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    ABSTRACT: The development of high throughput metabolite measurement technologies has enabled the use of metabolomics for epidemiologic studies by profiling metabolite concentrations in large cohorts of human blood samples. Standard protocols are necessary to obtain unbiased profiles through multiple runs over long periods of time and to allow reliable statistical analyses. This study assessed the effects of sampling procedures and storage conditions on the stability of metabolomic profiles in blood and serum. Charged metabolomic profiles were determined by capillary electrophoresis-mass spectrometry (CE-MS) and compared by multivariate analyses. The effects of pre-analytical procedures, including times for clotting and incubation of serum and plasma, respectively; incubation temperatures; and number of freeze-thaw cycles, were assessed. Overall, inter-individual differences in profiles were larger than intra-individual differences, and profiles in plasma showed better stability than those in serum. These quantified datasets of metabolites, along with their stability and variation, may help in interpreting data from long-term cohort studies. This article is protected by copyright. All rights reserved. This article is protected by copyright. All rights reserved.
    No preview · Article · Mar 2015 · Electrophoresis
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    ABSTRACT: The cystine/glutamate transporter, designated as system xc-, is important for maintaining intracellular glutathione levels and extracellular redox balance. The substrate-specific component of system xc-, xCT, is strongly induced by various stimuli, including oxidative stress, whereas it is constitutively expressed only in specific brain regions and immune tissues such as thymus and spleen. While cystine and glutamate are the well-established substrates of system xc- and the knockout of xCT leads to alterations of extracellular redox balance, nothing is known about other potential substrates. We thus performed a comparative metabolite analysis of tissues from xCT-deficient and wild-type mice using capillary electrophoresis time-of-flight mass spectrometry. Although most of the analysed metabolites did not show significant alterations between xCT-deficient and wild-type mice, cystathionine emerged to be absent specifically in thymus and spleen of xCT-deficient mice. No expression of either cystathionine β-synthase or cystathionine γ-lyase was observed in thymus and spleen of mice. In embryonic fibroblasts derived from wild-type embryos, cystine uptake was significantly inhibited by cystathionine in a concentration-dependent manner. Wild-type cells showed an intracellular accumulation of cystathionine when incubated in cystathionine-containing buffer, which concomitantly stimulated an increased release of glutamate into the extracellular space. By contrast, none of these effects could be observed in xCT-deficient cells. Remarkably, unlike knockout cells, wild-type cells could be rescued from cystine deprivation-induced cell death by cystathionine supplementation. We thus conclude that cystathionine is a novel physiological substrate of system xc-, and that the accumulation of cystathionine in immune tissues is exclusively mediated by system xc-. Copyright © 2015, The American Society for Biochemistry and Molecular Biology.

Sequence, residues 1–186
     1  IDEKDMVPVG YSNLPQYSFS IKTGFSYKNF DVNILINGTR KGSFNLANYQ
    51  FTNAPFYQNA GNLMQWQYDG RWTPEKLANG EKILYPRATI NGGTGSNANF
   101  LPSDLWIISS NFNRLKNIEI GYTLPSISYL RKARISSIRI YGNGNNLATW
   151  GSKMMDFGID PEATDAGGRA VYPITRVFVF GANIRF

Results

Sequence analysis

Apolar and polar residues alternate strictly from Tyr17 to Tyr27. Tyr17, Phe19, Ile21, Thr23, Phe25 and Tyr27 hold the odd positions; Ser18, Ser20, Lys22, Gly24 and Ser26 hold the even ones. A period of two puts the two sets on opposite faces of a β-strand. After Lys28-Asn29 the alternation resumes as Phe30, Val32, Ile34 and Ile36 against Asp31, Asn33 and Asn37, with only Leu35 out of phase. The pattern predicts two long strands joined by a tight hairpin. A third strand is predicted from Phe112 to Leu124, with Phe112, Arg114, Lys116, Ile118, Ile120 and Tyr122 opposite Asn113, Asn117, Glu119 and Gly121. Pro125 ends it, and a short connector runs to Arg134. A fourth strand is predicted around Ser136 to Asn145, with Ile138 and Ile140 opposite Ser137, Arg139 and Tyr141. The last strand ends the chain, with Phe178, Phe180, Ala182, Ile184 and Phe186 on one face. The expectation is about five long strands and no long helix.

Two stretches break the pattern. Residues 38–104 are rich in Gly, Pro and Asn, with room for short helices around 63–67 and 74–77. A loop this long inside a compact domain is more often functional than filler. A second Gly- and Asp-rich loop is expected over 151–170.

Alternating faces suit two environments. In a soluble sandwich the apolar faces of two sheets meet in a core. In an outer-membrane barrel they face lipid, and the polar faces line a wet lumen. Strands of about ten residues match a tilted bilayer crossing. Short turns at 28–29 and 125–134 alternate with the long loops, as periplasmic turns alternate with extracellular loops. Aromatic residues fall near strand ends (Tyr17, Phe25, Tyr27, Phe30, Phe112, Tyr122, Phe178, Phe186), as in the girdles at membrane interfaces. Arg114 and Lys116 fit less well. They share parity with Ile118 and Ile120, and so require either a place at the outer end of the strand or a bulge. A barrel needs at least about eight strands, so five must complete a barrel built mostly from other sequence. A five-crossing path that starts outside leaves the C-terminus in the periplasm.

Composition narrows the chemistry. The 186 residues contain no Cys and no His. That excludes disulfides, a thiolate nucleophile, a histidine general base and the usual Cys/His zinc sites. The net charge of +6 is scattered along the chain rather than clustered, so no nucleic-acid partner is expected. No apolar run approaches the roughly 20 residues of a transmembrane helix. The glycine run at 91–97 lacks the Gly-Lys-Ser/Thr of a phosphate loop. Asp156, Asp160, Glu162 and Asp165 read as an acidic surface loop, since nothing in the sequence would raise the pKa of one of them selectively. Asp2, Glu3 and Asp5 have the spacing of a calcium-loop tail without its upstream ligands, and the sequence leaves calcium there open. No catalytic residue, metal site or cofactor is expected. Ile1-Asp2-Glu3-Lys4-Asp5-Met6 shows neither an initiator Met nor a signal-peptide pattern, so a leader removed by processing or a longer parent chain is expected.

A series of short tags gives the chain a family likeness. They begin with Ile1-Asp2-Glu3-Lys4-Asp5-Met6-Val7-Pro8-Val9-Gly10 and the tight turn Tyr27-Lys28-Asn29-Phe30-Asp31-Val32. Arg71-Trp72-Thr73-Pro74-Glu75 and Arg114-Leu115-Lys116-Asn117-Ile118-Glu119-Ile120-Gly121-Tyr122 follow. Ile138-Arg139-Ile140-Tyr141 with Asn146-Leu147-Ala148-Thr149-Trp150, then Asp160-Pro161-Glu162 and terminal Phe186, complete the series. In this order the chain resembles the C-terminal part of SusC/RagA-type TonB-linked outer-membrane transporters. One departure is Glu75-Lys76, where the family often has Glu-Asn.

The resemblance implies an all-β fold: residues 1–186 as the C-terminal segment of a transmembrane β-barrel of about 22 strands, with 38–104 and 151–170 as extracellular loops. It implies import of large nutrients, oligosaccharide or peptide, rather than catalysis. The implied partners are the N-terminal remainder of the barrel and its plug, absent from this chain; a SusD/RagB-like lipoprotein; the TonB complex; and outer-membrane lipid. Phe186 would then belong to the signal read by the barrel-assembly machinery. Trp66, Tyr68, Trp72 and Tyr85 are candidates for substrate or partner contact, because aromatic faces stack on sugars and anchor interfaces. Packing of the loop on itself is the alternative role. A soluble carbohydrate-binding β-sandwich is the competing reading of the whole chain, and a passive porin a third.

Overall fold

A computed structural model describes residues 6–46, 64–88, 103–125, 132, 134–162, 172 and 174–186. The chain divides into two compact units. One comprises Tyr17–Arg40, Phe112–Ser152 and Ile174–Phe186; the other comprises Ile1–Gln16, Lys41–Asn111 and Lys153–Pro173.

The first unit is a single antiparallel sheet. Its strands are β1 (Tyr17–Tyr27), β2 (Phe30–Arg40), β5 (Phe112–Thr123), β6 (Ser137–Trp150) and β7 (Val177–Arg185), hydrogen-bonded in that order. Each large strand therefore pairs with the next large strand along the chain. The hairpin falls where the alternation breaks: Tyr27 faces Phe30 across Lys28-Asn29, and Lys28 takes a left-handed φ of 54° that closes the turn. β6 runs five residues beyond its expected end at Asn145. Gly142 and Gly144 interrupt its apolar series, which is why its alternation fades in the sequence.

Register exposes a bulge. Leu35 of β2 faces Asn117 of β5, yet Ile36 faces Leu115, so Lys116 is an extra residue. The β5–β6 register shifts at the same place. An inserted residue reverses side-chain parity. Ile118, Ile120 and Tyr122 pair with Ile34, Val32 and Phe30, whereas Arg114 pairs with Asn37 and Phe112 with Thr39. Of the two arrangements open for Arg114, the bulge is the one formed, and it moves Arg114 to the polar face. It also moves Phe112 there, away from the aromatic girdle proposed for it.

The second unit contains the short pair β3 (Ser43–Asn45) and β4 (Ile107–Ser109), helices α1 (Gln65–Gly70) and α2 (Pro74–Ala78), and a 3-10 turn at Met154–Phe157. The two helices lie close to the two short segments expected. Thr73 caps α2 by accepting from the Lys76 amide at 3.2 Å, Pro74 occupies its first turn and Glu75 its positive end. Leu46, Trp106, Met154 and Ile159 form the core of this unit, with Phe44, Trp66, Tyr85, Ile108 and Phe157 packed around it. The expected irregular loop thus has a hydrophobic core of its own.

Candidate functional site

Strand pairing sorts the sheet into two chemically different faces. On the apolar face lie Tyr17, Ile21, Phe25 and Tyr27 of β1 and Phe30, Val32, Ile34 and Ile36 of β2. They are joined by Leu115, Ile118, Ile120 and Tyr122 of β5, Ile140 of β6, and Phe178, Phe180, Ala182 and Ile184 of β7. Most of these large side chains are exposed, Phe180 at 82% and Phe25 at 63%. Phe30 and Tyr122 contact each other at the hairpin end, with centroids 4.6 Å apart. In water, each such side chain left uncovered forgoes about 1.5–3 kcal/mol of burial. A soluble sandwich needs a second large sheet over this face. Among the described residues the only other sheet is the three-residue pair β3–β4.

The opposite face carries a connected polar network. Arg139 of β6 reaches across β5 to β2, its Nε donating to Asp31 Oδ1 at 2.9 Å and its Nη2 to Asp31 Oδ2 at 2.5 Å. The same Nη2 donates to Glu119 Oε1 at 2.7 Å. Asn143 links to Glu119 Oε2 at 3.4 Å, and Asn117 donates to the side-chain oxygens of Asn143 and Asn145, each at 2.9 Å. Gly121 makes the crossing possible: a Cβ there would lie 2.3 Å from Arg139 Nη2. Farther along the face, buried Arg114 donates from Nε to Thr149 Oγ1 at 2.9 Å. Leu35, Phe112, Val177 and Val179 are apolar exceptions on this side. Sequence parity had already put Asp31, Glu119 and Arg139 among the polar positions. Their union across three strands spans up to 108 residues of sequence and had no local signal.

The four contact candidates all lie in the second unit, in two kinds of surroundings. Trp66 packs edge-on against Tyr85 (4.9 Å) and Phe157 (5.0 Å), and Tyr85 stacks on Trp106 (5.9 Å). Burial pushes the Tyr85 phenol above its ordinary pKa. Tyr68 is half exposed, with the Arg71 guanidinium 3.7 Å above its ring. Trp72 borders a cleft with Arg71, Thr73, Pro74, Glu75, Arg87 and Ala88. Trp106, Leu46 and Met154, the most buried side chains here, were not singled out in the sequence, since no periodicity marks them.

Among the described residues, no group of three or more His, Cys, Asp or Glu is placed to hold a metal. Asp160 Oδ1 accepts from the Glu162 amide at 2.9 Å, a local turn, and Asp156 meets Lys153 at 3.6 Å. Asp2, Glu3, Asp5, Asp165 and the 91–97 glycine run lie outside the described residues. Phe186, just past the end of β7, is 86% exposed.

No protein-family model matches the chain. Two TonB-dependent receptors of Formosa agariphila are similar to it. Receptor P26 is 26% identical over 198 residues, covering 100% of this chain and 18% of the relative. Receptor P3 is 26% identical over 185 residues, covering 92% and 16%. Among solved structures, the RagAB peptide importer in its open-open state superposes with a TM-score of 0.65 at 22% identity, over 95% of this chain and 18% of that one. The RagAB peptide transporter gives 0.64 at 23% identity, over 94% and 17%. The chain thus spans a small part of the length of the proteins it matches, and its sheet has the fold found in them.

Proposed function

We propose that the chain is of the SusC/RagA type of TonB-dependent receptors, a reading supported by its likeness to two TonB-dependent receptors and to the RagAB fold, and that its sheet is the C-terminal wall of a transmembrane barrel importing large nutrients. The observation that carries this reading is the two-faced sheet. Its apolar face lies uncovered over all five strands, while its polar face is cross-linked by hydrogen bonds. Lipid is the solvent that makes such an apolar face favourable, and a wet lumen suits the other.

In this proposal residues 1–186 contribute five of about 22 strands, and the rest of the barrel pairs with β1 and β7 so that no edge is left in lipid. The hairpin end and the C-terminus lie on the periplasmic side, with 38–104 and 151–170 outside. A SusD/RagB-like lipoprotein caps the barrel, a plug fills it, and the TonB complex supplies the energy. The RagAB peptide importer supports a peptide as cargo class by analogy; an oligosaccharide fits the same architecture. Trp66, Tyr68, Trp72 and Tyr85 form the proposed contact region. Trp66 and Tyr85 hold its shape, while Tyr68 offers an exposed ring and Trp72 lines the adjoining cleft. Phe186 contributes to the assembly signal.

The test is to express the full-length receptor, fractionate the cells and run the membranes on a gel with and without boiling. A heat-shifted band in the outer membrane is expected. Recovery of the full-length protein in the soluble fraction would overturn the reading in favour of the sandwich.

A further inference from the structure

Full-text · Article · Feb 2015 · Journal of Biological Chemistry
  • Masataka Wakayama · Akiyoshi Hirayama · Tomoyoshi Soga